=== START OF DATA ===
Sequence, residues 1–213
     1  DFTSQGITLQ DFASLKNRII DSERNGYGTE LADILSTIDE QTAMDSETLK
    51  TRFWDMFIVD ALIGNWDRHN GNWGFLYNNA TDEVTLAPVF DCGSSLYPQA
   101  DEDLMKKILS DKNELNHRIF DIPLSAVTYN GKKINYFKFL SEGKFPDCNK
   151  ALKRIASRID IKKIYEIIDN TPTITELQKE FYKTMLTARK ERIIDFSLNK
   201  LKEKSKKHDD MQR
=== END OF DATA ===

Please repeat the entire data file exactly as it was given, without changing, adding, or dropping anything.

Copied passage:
Sequence, residues 1–213
     1  DFTSQGITLQ DFASLKNRII DSERNGYGTE LADILSTIDE QTAMDSETLK
    51  TRFWDMFIVD ALIGNWDRHN GNWGFLYNNA TDEVTLAPVF DCGSSLYPQA
   101  DEDLMKKILS DKNELNHRIF DIPLSAVTYN GKKINYFKFL SEGKFPDCNK
   151  ALKRIASRID IKKIYEIIDN TPTITELQKE FYKTMLTARK ERIIDFSLNK
   201  LKEKSKKHDD MQR